Women in metro Detroit's brewing world are quietly, and rather effectively, securing their place in the craft beer industry.
While the brewing scene still remains a male-dominated space here in Michigan, women working in the industry are quick to point out that their numbers are growing. Though it may surprise readers, women in the field don't report rampant, or even very much, sexism.
That's why we wanted to profile four women brewmasters in metro Detroit to find out how they got into field, what they appreciate most about it, and what challenges remain.
Chelsea Piner, Traffic Jam and Snug
Piner is the head brewer at Traffic Jam and Snug, but earned her stripes in California working at the prestigious Stone Brewing Co.
She is the first to admit, making beer is not all fun and games. "Brewing is really hard work without a lot of glamour," she says.
That said, there's also a lot to appreciate. "The people in the industry are probably what I love most about it," she says. "I also love the balance of science and artistry which I find really unique to craft beer."
When she's not brewing, she pitches in part-time at Ale Mary's in Royal Oak, which has nearly 30 beers on top and over three times as many in bottles and cans. "It's a great side job for a brewer because I am always tasting the best beers out there and can learn and get inspiration," Piner says.
Piner meets more women every day getting into professional beer-making. And while negative perceptions about women brewmasters still exist, that attitude comes mostly from patrons, not peers.
"For me personally, most of the stigma I've felt hasn't come from people working in the industry," she says. "I have received snide comments that wouldn't have been said to a man, which is unfortunate, but my overall experience has been fantastic."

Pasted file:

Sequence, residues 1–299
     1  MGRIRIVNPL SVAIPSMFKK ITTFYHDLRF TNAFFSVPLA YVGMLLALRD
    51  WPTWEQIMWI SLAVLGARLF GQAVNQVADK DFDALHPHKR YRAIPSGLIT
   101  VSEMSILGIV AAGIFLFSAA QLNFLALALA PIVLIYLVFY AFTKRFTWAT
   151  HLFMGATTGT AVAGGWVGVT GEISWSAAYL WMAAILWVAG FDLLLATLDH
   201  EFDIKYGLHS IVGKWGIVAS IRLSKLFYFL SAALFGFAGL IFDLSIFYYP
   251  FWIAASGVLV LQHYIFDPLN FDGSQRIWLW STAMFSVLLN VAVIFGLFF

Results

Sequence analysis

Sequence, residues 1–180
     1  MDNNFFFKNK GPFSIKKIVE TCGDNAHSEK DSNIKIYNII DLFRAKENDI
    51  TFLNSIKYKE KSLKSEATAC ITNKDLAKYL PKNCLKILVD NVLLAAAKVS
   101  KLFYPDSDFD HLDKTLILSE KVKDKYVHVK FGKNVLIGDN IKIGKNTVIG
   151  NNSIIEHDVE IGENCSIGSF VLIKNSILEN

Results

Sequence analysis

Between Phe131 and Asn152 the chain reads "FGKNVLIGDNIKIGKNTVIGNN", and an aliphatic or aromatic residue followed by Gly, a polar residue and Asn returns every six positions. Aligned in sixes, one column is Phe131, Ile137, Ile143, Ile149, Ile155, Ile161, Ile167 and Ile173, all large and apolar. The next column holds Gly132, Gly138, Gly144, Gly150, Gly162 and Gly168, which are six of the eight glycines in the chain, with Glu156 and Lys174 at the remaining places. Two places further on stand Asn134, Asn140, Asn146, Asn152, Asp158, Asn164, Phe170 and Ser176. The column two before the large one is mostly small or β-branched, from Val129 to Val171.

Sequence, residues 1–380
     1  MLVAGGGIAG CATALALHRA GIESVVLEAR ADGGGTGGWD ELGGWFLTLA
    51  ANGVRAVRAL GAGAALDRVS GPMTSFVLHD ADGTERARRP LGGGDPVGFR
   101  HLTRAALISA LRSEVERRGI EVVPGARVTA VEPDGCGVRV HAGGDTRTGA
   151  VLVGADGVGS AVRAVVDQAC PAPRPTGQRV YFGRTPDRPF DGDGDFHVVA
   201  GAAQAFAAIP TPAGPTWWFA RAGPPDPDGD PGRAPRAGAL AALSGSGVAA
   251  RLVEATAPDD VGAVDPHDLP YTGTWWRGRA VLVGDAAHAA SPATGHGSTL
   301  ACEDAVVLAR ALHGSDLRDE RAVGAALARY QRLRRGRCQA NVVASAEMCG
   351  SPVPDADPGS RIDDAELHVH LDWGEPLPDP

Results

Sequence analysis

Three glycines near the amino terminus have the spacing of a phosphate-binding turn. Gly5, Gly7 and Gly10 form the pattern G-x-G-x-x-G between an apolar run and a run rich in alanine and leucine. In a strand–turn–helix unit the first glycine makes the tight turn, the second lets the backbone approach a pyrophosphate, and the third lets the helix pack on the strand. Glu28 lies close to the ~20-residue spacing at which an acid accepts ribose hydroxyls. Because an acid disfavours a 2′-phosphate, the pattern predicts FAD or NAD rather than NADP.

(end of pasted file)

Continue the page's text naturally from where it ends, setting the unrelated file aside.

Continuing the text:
Annette May, Know Beer!
May burst into the craft beer scene in 2008 as the first female Certified Cicerone, a prestigious beer-making certification, and hasn't stopped educating people about beer since. She teaches at Schoolcraft College, runs Cicerone programs, and hosts classes through her own company, Know Beer!.
"Beer education is huge here," says May. "It's not surprising, given our thriving craft beer industry."
May is also a founding member of Fermenta, a nonprofit collective for women in the industry. She says Fermenta is not so much about defending women's roles in brewing, but about connecting them with employment and scholarship opportunities, and providing mentorship.
"There are good brewers in Michigan, being either male or female doesn't really factor into it. The only relevant thing here might be mentoring: more female brewers equals more role models, which equals more women attempting to become brewers or enter the profession."
But overall, May hasn't found a great deal of sexism in beer-making in Michigan.
"I'm sure there are still pockets of the 'boys club' mentality, but overall I don't think it's nearly as bad as in some professions," she says. "And here in the Michigan craft beer industry, I don't see this a lot. As long as a woman can do the job, that is all that's important."